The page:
Training Ninjukai
Taijutsu Training | Ninjukai Training | The Dojo

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For more information on techniques studied, see The Syllabus

  What is the syllabus, you may ask? How do we train our students? There are times when we are quite reluctant to use the word training, because it seems to imply a certain rigidity in approach and a methodised overview. Rather than use the word 'train', 'experience' would be more appropriate. There are 3 stages to the Ninjukai experience, known as SHU-HA-RI in Japanese.

  • SHU: The first stage involves the learning process, whereby the students learn all the basics in techniques. The White belt to Red belt covers this stage.

  • HA: This level shows the limitations of techniques. In a sense, students have to 'unlearn' everything from the previous level. Techniques can only go so far, so students learn and understand that spontaneity is the key to unlock the rigidity and inflexibility of techniques. The Ha level is where students are expected to undergo a degree of transformation, to go beyond the limitations of techniques. The Brown belt to the 3rd Dan Black Belt is worn during this stage.

  • RI: This stage traces a path of transcendence, where one frees oneself from techniques. In one's mind techniques do not exist any more: you and the techniques are one, inseparable. 4th Dan Black belt and above is required here.

The Taijutsu Training
Understanding the Body Potential
  From the white belt to the Red belt at the Shu level, students learn about their body and its potential. They are taught to understand that, in a situation, the body must respond as a whole. One cannot look at the body as made up of parts and try to use the part that one favours. As such, Ninjukai Taijutsu is not a specialised system because it believes that to specialise is to isolate oneself from the surroundings. Imagine a situation when an attacker grapples you in bed when asleep. So much for kicking techniques. Or when your attacker bear-hugs you across your whole body and arms, at a time when you decide to specialise only in hand strikes.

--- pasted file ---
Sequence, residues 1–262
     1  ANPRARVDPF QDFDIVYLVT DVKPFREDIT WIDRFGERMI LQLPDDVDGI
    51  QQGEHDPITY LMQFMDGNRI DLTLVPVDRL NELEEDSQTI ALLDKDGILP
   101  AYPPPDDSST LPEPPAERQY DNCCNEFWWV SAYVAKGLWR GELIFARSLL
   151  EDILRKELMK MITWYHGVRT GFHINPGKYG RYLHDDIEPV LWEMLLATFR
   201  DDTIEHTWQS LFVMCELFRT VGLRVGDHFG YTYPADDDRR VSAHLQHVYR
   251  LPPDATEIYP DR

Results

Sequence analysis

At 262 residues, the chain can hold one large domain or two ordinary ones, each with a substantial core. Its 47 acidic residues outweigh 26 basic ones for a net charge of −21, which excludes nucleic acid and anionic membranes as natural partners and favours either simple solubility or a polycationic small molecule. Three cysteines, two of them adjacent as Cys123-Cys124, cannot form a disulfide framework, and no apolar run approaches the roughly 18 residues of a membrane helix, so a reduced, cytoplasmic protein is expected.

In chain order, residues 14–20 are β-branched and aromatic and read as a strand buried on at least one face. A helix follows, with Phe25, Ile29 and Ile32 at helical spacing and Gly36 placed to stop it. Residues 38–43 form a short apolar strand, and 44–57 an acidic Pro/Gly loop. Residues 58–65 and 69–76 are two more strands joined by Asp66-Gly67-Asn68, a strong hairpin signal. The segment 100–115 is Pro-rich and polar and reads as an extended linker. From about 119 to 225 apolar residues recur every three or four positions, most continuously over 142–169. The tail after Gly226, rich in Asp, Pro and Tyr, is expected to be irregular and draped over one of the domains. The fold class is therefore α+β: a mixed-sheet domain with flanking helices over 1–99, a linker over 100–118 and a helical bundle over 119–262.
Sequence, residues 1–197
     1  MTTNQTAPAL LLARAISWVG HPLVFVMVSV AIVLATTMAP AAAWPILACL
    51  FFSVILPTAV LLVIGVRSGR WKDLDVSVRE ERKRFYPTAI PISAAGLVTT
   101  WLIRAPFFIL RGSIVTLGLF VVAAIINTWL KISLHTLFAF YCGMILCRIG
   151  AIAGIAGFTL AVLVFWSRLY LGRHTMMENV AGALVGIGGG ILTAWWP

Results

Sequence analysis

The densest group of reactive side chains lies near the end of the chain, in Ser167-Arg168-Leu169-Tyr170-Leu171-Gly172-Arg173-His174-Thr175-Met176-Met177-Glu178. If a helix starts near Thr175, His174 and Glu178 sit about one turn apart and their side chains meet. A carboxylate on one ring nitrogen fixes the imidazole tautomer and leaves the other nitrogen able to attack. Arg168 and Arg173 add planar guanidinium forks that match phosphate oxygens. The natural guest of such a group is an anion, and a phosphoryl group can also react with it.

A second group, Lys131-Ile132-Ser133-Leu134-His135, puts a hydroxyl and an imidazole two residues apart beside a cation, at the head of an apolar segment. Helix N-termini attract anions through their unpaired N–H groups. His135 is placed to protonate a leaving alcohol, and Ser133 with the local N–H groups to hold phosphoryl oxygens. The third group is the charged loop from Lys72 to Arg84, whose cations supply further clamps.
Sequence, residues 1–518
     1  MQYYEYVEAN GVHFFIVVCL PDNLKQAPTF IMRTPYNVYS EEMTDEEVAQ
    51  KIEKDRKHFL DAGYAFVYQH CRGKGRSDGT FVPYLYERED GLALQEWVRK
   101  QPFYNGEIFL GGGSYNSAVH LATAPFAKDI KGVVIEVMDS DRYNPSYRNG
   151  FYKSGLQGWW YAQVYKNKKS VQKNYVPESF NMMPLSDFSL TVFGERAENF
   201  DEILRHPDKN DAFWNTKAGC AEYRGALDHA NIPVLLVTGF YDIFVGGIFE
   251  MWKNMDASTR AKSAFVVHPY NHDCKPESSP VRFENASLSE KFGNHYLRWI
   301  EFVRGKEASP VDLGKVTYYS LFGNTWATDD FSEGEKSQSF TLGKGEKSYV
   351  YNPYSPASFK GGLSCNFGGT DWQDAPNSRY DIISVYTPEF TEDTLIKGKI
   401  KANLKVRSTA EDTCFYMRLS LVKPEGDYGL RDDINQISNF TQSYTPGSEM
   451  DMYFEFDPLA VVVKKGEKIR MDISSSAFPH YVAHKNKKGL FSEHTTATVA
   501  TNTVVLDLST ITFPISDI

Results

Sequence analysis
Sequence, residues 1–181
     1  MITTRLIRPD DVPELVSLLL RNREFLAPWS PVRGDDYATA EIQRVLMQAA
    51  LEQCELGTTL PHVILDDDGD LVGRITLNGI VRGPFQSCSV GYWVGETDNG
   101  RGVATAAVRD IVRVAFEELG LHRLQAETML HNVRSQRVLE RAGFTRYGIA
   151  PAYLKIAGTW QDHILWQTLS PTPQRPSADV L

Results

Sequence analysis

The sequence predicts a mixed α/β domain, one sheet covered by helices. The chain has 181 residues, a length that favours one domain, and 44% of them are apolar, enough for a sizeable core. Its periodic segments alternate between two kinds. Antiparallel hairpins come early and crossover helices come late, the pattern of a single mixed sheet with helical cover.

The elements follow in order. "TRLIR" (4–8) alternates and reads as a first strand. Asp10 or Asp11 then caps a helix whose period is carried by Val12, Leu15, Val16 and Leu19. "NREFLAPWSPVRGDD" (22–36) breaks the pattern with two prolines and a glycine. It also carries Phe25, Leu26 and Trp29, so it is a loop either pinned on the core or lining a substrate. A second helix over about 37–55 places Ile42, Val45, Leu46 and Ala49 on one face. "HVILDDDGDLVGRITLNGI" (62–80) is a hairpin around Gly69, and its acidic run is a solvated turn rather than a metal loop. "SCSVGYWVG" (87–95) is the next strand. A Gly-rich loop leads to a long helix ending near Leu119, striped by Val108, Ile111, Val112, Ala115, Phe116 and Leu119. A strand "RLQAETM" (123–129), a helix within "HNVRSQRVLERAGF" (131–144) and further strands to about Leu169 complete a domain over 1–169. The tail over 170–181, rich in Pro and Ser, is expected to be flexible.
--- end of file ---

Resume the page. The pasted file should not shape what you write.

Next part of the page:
So, students are made to understand the tremendous potential the body has, taken as a whole, and that all movements must be incorporated together so that the energy that is manifested can be efficiently utilised to meet the opponent's energy. They are taught to realise the importance of physical fitness training. Endurance training, flexibility, and strength are emphasised. All aspects of unarmed body techniques are taught to the students. These include:

  • Ukemi - breakfalls and rolling techniques
  • Postures - such as shizentai, jigotai
  • Kumikata - holding and grabbing
  • Kuzushi - balancing and unbalancing
  • Tachiwaza - throws
  • Newaza - grappling techniques
  • Osaekomiwaza - wrestling techniques

  Whilst the students are taught techniques, they are constantly reminded that their correct execution will be dependent on the body as a whole. In any situation, the body posture is constantly changing, adapting: a punch can quickly change to a grappling technique, and a kick can be adapted to a throw. All techniques become a flow to correspond to the situation. This leads to them understanding the Dynamics of Movement.

  Most martial styles try to guide the way a student can move or react. They attempt to learn this through a series of set movements or patterns known as KATAS. The Ninjukai Taijutsu practitioner believes that this can only give rise to rigidity and inflexibility. These are opposites to spontaneity. What is important is naturalness in movement, and one's movements are to a great degree influenced by the opponent's movements. By experiencing the dynamics of motion, the students learn to understand that an opponent or opposing force has to be neutralised not by opposing it, but by giving way, by flowing around it. Like water, one learns to be fluid.

Going beyond the Body Potential
  This refers to the use of an external object as a tool to increase one's physical potential. The use of weaponry is practised in both the SHU and HA levels. At the SHU level, the students are introduced to the different weapons and their corresponding striking and blocking methods. At the HA level they learn to blend the weapon with the surroundings, otherwise it is seen as a useless foreign object. That way, if the need arises, simple everyday objects may approximate the qualities of the weapons studied. Weapons taught in the Dojo include: Weapons